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The researchers examined questionnaires completed by 659 female dialysis patients in Europe and South America that showed 84 percent of all women and 55 percent of sexually active women receiving this therapy experienced sexual problems.
The study, published online April 5 in the Clinical Journal of the American Society Nephrology, also showed that women with a partner were less likely to report sexual dysfunction. But of those living without a partner and not on a waiting list for transplantation, 96 percent reported sexual problems.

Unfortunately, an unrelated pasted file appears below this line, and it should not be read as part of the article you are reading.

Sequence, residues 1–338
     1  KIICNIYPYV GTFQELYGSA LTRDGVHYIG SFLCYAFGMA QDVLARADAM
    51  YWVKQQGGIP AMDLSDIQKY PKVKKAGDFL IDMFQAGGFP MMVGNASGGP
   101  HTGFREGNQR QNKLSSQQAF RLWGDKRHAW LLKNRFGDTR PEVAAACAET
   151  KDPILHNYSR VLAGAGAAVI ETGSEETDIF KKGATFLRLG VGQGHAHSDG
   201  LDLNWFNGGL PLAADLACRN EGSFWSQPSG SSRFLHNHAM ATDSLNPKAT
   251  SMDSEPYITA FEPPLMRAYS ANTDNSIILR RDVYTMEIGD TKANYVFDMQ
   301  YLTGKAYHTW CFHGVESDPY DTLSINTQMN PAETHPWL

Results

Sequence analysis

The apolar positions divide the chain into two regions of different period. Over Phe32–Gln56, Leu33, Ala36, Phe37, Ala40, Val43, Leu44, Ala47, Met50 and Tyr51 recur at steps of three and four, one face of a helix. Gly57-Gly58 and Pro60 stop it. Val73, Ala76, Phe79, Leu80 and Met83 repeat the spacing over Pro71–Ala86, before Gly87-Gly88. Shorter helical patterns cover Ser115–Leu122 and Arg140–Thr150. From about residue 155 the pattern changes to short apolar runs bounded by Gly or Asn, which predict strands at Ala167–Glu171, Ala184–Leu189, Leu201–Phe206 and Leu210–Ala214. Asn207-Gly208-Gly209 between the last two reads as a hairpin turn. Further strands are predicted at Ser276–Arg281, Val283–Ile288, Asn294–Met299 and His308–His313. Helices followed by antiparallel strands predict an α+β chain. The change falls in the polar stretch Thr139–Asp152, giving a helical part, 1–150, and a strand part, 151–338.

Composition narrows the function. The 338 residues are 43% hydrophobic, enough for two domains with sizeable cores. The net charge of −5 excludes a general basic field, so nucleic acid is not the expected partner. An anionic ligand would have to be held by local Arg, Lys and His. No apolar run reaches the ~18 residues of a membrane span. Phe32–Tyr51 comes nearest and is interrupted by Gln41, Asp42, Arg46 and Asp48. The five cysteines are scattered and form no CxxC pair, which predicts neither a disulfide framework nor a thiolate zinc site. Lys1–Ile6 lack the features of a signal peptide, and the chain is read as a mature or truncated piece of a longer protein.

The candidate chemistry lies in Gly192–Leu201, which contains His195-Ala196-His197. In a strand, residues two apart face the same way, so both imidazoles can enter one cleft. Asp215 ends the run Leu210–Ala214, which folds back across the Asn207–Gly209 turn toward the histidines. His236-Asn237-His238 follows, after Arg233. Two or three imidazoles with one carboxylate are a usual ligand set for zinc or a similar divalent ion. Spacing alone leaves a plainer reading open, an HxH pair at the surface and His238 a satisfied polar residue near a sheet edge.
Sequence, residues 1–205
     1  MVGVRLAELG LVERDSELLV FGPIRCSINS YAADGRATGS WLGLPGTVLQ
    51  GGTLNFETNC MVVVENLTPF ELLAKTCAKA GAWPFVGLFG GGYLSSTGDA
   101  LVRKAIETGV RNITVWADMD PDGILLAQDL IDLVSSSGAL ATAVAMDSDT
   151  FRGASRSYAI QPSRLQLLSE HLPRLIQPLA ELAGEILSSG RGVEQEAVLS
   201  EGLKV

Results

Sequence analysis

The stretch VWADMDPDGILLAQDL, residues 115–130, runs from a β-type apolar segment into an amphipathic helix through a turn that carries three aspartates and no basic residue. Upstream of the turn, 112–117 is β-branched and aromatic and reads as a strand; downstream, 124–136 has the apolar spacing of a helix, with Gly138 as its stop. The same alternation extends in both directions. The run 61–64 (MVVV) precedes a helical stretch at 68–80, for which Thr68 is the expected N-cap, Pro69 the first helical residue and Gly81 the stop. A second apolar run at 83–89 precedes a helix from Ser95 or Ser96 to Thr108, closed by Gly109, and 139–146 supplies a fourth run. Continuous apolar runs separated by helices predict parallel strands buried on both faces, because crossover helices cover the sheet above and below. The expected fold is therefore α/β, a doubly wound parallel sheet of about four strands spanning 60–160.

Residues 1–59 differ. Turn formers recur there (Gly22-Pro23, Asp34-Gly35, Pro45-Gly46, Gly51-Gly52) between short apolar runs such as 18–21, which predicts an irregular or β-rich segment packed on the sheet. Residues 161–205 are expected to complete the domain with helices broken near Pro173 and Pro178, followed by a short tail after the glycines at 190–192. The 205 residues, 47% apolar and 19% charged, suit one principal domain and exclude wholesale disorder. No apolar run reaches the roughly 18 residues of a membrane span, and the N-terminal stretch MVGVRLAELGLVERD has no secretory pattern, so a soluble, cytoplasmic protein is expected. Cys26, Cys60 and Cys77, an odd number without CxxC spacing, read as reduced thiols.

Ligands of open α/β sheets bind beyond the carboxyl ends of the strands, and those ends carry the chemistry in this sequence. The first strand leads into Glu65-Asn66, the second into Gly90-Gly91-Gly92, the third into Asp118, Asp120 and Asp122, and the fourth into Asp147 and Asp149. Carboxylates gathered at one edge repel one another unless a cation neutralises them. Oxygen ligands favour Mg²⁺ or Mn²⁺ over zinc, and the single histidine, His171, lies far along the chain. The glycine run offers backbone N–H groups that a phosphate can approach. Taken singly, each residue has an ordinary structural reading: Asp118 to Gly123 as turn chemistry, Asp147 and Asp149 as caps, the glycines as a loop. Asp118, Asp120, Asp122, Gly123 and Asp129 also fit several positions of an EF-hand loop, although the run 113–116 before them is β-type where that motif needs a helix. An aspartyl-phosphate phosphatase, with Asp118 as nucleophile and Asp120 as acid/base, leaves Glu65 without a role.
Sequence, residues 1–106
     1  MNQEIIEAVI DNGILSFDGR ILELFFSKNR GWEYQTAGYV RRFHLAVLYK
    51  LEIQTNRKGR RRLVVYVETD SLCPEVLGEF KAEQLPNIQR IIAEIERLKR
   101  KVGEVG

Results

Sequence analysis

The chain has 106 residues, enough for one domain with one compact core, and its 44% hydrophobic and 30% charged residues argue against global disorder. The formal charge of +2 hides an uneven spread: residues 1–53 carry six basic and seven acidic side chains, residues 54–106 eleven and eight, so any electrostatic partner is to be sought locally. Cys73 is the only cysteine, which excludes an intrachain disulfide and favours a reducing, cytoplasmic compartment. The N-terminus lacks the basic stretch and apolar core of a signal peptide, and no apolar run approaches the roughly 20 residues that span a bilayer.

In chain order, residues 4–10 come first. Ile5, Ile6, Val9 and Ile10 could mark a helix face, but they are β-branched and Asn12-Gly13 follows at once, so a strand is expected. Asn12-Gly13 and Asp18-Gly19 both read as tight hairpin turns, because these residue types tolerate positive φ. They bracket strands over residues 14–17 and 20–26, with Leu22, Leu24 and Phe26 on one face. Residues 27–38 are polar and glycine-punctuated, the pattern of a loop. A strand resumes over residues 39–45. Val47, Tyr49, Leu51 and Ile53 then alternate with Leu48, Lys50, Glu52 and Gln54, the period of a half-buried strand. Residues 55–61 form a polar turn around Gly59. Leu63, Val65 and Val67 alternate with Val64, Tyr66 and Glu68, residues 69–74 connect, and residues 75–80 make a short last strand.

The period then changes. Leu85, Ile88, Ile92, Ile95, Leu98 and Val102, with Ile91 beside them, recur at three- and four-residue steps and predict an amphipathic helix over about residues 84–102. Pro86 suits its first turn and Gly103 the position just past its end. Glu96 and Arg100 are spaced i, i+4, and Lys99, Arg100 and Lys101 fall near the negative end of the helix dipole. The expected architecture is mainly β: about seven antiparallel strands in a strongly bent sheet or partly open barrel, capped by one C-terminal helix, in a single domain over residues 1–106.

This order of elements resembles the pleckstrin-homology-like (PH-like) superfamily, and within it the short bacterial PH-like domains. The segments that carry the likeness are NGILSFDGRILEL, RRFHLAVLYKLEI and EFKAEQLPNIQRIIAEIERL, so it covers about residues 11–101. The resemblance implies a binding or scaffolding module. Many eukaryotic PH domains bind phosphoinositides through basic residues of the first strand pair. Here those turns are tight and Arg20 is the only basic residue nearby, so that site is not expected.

Older women, women taking diuretics (water pills), women who had reached menopause, those with less education and those with diabetes or symptoms of depression were more likely to experience sexual difficulties.
"With this study, we shed light on the highly frequent condition of female sexual dysfunction in women on dialysis; this deserves attention and further study, since specific interventions are not yet available to address it," said study author Dr. Giovanni Strippoli, in a journal news release.
The study, which was run by the Mario Negri Sud Consortium in Chieti, Italy, received an unconditional independent research grant from the drug company Amgen.
-- Mary Elizabeth Dallas
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